“If you simulate the system, the planets start crashing into one another in less than a million years,” says Dan Tamayo, a postdoc at U of T Scarborough’s Centre for Planetary Science.

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Credit: NASA


Another alternative to collision theories of Earth’s formation emerges, as New Scientist reports. Where or how the Moon might fit in is not clear.

It’s not easy to make Earth. Most of the explanations for how our planet formed have troubling problems.

But if a new idea is right, we can thank a hyperactive young sun for Earth’s existence, plus solve a long-standing mystery about Mars.

According to standard lore, the planet-building process began when dust particles orbiting the newborn sun stuck together, forming rocks that built still larger objects. But this story is in trouble.

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HR 8799 system [image credit: Many Worlds]

HR 8799 system [image credit: Many Worlds]


It can’t get much more obvious than this. The report says ‘it’s a one-two-four-eight resonance’ of the orbits of these massive planets, but we find it’s much nearer to 1:2:4:9, with the outer planet taking 450 years for one orbit.

The era of directly imaging exoplanets has only just begun, but the science and viewing pleasures to come are appealingly apparent says Many Worlds.

This evocative movie of four planets more massive than Jupiter orbiting the young star HR 8799 is a composite of sorts, including images taken over seven years at the W.M. Keck observatory in Hawaii. The movie clearly doesn’t show full orbits, which will take many more years to collect.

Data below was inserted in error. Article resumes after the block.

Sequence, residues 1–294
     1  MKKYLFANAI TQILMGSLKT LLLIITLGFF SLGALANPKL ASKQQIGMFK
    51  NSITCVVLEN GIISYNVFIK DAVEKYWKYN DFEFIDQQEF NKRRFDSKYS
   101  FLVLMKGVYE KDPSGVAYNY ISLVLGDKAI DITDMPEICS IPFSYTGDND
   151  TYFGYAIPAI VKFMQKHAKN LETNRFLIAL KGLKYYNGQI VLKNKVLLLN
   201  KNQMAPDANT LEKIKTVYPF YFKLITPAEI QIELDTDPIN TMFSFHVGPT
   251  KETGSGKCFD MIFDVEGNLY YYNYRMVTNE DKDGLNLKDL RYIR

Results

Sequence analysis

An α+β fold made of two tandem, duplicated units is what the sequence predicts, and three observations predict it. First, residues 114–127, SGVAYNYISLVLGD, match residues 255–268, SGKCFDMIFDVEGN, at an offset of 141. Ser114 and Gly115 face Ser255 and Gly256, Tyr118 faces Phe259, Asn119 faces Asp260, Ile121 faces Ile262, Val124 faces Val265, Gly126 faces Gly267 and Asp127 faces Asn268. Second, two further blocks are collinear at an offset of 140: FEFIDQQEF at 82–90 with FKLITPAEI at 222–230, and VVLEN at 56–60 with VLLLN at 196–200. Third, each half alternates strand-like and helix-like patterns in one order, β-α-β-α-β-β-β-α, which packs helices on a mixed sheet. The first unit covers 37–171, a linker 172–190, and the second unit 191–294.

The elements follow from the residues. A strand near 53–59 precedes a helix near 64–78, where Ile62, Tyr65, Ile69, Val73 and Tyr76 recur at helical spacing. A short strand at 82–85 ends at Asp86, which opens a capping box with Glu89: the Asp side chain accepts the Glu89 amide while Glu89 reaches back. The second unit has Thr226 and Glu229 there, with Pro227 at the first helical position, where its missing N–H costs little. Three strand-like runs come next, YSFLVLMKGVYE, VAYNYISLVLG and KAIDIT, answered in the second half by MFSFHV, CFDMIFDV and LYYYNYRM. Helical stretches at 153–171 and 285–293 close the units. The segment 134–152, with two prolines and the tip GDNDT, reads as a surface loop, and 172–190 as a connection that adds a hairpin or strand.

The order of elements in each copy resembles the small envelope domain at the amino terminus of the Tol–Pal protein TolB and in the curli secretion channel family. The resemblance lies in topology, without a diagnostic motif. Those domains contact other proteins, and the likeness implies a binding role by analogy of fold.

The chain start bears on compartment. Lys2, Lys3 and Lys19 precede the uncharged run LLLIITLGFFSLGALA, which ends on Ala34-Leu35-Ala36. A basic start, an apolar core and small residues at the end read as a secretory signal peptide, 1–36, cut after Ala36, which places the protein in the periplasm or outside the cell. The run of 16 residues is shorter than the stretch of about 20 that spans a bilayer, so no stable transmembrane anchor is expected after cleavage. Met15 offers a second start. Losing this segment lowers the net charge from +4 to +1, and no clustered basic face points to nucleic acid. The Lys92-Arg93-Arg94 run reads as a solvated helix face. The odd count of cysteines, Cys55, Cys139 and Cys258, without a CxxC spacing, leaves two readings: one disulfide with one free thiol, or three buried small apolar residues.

The closest-in planet circles the star in around 49 years [report incorrectly says 40]; the furthest takes more than 400 years. But as described by Jason Wang,  an astronomy graduate student at the University of California, Berkeley, researchers think that the four planets may well be in resonance with each other.
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Image credit: BBC

Image credit: BBC

It’s an old idea but a new theory. The research director says ‘This is very exciting and in accord with very recent findings of an ‘ocean’s worth’ of water in the Earth’s mantle’.
– – –
Earth’s water may have originally been formed by chemical reactions deep within the planet’s mantle, according to research led by University College Dublin.

The new theory offers an alternative explanation as to how the life-giving liquid may have originated on Earth reports Phys.org.

Previously, scientists have suggested that comets that collided with the planet could have deposited large amounts of ice on the Earth which later melted, forming water.
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hd163296

The spacing of the three rings described has a ratio of 3:5:8 according to the data given (60:100:160 AU) by Phys.org. This Fibonacci pattern may be telling us something about planetary formation.

Rice University astronomers and their colleagues have for the first time mapped gases in three dark rings around a distant star. The rings mark spaces where planets are thought to have formed from dust and gas around the star.

All the rings around HD 163296 are devoid of dust, and the international team of researchers led by Rice astronomer Andrea Isella is sure that planets, probably gas giants with masses comparable to Saturn, are responsible for clearing the outermost ones.

But the inner ring has far more carbon monoxide than the other two, leading them to believe no planet exists there. That remains unexplained, he said.

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Kuiper Belt [credit: amazingspace.org]

Kuiper Belt [credit: amazingspace.org]


The latest research claims to have detected resonant patterns in some of ‘these most distant Kuiper Belt objects’, perhaps suggesting the presence of a major ‘shepherding’ planetary body, as Phys.org reports.

As the search for a hypothetical, unseen planet far, far beyond Neptune’s orbit continues, research by a team of the University of Arizona provides additional support for the possible existence of such a world and narrows the range of its parameters and location.